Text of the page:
Kent County, Delaware is located in the central part of the state, between New Castle and Sussex Counties. The county covers a total area of 654 square miles and is home to a population of approximately 166,000 people. The county seat is Dover and other major cities include Harrington, Felton, Smyrna, and Milford.
The geography of Kent County is primarily comprised of flat plains with low rolling hills in some areas. The northern part of the county is traversed by the Chesapeake and Delaware Canal which links the Chesapeake Bay with Delaware Bay. This canal provides an important transportation route for goods traveling from Pennsylvania to Maryland as well as providing recreational opportunities for local residents.
The eastern portion of Kent County is bordered by the Mispillion River which flows southward towards the Delaware Bay. This river provides numerous recreational opportunities including fishing, boating, kayaking and canoeing. In addition to this river, there are several smaller streams that flow through Kent County such as Murderkill Creek and St Jones River both of which offer excellent fishing opportunities for anglers.
The terrain throughout Kent County varies between flat plains in some areas to low rolling hills in others. The highest point in the county is located at Big Hill near Dover which stands at just over 400 feet above sea level while other points range from around 200-300 feet above sea level on average. Much of the county’s terrain consists of wetlands or marshland which serves as important habitat for various bird species including bald eagles and osprey during their migration periods each year.
Kent County also has several large parks that provide outdoor recreational activities such as hiking trails, camping sites, fishing spots and picnic areas for visitors to enjoy throughout all four seasons. These parks include Lums Pond State Park near Bear; Killens Pond State Park near Felton; Bombay Hook National Wildlife Refuge near Smyrna; Milford Neck Wildlife Area near Milford; and Trap Pond State Park near Laurel among many others!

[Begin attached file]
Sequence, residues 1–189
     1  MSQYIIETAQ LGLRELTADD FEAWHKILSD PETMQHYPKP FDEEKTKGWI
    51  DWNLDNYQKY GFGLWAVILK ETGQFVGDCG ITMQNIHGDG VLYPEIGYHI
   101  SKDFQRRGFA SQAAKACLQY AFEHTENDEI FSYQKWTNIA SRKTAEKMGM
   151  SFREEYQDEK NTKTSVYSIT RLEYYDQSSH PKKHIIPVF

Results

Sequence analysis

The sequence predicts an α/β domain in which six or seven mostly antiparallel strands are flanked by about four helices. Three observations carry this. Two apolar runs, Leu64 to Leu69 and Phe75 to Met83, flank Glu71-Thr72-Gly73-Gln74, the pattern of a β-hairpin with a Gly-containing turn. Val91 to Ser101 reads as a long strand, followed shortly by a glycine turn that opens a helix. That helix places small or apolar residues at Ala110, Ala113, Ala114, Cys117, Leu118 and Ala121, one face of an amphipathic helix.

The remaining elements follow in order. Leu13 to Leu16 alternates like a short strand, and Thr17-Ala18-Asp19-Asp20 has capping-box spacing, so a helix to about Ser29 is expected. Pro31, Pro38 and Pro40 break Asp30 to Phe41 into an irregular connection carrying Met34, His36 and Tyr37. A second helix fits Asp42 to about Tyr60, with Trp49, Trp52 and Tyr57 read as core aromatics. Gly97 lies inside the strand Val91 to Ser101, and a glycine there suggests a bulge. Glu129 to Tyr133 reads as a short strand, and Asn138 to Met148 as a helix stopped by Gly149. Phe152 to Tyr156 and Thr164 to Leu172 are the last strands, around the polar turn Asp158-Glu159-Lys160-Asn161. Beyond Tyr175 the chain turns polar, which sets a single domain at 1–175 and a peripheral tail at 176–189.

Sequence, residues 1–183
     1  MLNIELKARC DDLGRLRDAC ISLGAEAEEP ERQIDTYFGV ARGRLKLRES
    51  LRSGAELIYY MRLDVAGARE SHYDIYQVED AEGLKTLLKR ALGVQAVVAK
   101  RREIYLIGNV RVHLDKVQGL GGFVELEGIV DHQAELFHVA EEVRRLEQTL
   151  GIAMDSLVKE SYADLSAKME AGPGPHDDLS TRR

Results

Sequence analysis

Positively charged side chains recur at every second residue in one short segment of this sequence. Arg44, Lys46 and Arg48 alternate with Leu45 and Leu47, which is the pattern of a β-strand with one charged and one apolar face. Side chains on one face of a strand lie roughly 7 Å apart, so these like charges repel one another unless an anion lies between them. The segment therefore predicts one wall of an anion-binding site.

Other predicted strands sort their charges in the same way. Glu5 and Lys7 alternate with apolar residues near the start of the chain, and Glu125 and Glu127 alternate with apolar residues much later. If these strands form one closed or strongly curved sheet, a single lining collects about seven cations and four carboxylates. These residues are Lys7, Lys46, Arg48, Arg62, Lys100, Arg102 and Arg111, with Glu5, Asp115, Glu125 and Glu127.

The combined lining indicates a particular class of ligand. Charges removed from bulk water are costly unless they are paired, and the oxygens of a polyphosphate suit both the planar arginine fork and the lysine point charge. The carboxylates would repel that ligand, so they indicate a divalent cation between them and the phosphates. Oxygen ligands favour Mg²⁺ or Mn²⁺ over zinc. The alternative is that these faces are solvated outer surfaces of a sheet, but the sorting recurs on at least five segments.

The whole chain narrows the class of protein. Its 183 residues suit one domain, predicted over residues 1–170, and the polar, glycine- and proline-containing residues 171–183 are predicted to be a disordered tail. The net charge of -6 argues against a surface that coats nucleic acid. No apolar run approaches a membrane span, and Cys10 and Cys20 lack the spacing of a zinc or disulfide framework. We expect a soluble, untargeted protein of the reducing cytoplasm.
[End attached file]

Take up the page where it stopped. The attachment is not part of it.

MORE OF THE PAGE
Country seat and other main cities in Kent County, Delaware
The county seat of Kent County, Delaware is the city of Dover. Located in the heart of the county, Dover serves as the administrative center and is home to many state and local government offices. Other major cities in Kent County include Harrington, Felton, Smyrna, and Milford.
According to countryaah, Harrington is a small city located to the west of Dover with a population of around 3,500 people. It is known for its wide variety of restaurants, shops and other services that cater to both locals and visitors alike. The Harrington Raceway & Casino is one of the largest attractions in town and features live horse racing as well as slot machines and table games for visitors to enjoy.
Felton is located in central Kent County with a population of just over 1,000 people. It has a small-town atmosphere but still offers plenty of amenities for residents including shops, restaurants, parks and other recreational activities. The historic Felton Train Station was built in 1881 and still stands today as a reminder of this town’s rich history.
Smyrna is located near the northern border of Kent County with a population of approximately 11,000 people. This city has seen much growth over recent years due to its close proximity to both Dover Air Force Base and Dover International Speedway which host numerous events throughout the year that draw people from all over the world. There are several parks located throughout Smyrna providing plenty of outdoor recreation opportunities such as hiking trails, playgrounds and picnic areas for visitors to enjoy.
Finally, Milford is located near the southern border with a population just under 10,000 people. This city has an eclectic mix of shops ranging from antique stores to art galleries along its main street which provides an excellent shopping experience for visitors from all walks of life. Milford also hosts several annual festivals such as Riverwalk Freedom Festival which celebrates Independence Day with live music performances each year on July 4th!
According to abbreviationfinder, the two-letter abbreviation of Delaware is DE. This abbreviation is commonly used in postal codes, address labels, and other geographic information systems. It is also the official two-letter abbreviation for the state of Delaware as designated by the United States Postal Service (USPS). The USPS also uses DE as an abbreviation for Delaware in its internal tracking system. DE is also used by the Federal Aviation Administration (FAA) to identify airports located within the state of Delaware.